. crash ther please use caution as you travel the roads. good news on the beltway, taking the inner loop between i-95 and i-270. nice and clear. here's a live look at connecticut avenue. just a little more volume on the outer loop. no major delays just yet. ten minutes to get from i-95 to i-270 on the outer loop of the beltway. i'm back in ten. aaron, over to you. >> danella, thank you. >>> 18 months of debates, ads, attacks, election day is finally here. the presidential campaign, the parties, and the groups that support them have spent more than $1 billion. potential voters have seen more than 1 million ads on tv in just five months. that is 40% more than what we saw in 2008, this election could all come down to virginia. some election models have both candidates winning certain states. that would mean the commonwealth and its 13 electoral college votes could decide the 2012 race. >>> polls in virginia are now open, but residents in one new hampshire town have already cast their ballots. dixville notch kept an election day tradition alive by casting votes at midnight. it may be a while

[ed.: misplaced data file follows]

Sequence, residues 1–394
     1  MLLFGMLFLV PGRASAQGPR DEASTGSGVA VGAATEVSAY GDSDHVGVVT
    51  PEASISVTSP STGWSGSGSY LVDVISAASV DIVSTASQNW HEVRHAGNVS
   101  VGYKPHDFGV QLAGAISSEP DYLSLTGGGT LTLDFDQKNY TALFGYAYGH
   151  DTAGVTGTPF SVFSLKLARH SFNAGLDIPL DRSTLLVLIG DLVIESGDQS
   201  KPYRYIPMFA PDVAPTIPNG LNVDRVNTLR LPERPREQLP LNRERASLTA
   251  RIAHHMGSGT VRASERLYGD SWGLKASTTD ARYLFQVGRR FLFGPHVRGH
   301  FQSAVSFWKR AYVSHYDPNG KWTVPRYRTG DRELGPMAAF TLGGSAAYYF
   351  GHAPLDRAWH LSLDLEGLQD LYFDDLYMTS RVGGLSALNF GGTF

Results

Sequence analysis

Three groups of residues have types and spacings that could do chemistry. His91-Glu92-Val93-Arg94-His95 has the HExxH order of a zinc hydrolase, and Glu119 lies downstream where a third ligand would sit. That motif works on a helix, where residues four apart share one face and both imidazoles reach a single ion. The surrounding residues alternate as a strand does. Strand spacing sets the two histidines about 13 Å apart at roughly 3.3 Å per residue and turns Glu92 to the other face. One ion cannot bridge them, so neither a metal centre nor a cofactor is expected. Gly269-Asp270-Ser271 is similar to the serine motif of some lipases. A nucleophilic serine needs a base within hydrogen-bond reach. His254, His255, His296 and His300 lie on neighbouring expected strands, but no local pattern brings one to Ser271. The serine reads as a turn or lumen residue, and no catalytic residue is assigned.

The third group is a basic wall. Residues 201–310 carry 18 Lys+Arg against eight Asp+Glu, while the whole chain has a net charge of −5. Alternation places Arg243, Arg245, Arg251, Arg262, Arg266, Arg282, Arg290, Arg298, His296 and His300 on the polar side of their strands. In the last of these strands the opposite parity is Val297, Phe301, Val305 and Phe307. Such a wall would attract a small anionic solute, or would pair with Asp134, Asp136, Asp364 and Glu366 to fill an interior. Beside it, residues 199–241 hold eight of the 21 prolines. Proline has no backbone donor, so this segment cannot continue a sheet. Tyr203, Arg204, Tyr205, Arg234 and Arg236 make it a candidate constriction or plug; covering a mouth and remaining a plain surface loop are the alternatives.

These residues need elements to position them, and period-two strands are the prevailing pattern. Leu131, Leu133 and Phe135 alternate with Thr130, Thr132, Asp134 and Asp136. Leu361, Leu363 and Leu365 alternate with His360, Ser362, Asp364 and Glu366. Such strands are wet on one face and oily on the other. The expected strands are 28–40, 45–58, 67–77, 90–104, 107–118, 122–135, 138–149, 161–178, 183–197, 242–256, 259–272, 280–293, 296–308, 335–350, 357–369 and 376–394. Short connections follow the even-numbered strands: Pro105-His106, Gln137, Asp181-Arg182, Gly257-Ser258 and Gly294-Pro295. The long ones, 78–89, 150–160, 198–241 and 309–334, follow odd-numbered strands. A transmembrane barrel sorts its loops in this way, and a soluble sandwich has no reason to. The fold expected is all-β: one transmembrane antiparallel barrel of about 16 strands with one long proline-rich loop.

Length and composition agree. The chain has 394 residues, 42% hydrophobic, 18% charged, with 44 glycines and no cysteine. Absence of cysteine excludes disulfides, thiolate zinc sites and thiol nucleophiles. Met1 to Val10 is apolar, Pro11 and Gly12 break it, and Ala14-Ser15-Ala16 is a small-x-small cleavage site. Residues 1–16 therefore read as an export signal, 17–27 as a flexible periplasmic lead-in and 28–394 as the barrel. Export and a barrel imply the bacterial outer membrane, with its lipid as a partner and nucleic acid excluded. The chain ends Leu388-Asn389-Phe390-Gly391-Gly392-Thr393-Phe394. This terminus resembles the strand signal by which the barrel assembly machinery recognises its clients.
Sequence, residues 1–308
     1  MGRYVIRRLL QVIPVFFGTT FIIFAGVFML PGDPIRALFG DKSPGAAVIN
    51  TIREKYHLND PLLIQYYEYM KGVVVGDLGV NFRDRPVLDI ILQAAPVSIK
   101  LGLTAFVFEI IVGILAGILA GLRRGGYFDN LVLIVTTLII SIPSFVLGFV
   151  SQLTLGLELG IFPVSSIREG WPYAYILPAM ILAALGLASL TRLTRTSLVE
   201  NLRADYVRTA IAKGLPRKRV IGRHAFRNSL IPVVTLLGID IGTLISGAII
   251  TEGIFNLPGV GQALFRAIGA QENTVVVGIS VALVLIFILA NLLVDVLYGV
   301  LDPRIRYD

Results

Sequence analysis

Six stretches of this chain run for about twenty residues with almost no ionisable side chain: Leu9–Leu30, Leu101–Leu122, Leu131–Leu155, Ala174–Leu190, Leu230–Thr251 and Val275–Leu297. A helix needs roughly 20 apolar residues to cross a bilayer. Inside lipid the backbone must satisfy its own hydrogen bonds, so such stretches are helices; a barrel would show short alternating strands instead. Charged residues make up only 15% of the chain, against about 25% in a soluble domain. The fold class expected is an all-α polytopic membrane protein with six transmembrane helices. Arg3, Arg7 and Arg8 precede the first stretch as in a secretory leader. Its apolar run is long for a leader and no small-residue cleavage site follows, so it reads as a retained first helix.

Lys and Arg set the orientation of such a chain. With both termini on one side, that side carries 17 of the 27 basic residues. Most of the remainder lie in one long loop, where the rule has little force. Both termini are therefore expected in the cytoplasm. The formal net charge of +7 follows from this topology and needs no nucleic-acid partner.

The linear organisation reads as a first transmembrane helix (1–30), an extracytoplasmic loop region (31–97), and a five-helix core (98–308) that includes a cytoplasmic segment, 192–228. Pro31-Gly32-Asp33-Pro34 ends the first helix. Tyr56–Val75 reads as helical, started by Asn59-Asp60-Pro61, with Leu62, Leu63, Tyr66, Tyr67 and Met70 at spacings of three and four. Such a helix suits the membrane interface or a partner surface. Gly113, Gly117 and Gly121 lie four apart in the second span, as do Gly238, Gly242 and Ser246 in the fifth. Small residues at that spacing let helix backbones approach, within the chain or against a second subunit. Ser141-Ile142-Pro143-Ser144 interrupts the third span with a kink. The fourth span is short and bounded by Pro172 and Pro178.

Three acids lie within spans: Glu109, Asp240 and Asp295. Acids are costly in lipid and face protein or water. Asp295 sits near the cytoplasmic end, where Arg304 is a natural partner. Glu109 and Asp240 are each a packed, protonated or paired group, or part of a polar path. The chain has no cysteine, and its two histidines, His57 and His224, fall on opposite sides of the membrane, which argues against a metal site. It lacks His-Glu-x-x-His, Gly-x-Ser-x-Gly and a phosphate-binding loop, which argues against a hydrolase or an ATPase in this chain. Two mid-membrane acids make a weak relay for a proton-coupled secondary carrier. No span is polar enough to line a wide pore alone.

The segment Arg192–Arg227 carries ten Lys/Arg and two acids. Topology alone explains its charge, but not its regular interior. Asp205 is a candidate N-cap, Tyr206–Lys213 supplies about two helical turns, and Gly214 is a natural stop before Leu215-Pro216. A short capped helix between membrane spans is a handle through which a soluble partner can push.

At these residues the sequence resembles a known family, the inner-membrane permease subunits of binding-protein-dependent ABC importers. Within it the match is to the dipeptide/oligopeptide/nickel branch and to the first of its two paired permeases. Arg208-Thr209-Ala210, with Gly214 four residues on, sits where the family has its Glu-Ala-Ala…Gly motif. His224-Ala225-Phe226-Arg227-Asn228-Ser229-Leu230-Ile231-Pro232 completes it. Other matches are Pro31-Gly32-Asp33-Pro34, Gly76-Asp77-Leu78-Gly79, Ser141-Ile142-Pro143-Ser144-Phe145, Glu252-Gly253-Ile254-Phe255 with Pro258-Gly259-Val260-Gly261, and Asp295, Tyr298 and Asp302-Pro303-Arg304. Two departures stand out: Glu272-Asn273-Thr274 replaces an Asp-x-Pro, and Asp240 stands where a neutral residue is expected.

Search Results 0 to 39 of about 40 (some duplicates have been removed)